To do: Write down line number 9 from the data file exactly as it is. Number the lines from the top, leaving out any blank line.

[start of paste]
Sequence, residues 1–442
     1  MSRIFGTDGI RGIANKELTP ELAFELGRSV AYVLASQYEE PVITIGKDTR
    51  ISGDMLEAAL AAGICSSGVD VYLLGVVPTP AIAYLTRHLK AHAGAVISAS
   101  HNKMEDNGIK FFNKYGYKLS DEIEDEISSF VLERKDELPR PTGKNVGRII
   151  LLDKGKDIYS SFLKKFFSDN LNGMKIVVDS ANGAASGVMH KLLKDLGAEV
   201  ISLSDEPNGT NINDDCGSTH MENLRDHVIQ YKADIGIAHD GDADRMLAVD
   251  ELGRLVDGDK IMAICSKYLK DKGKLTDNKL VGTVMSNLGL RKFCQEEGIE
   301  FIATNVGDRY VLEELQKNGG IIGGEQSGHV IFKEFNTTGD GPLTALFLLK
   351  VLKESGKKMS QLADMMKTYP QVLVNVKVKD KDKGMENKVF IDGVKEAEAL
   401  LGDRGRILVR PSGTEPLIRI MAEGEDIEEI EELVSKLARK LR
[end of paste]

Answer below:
   351  VLKESGKKMS QLADMMKTYP QVLVNVKVKD KDKGMENKVF IDGVKEAEAL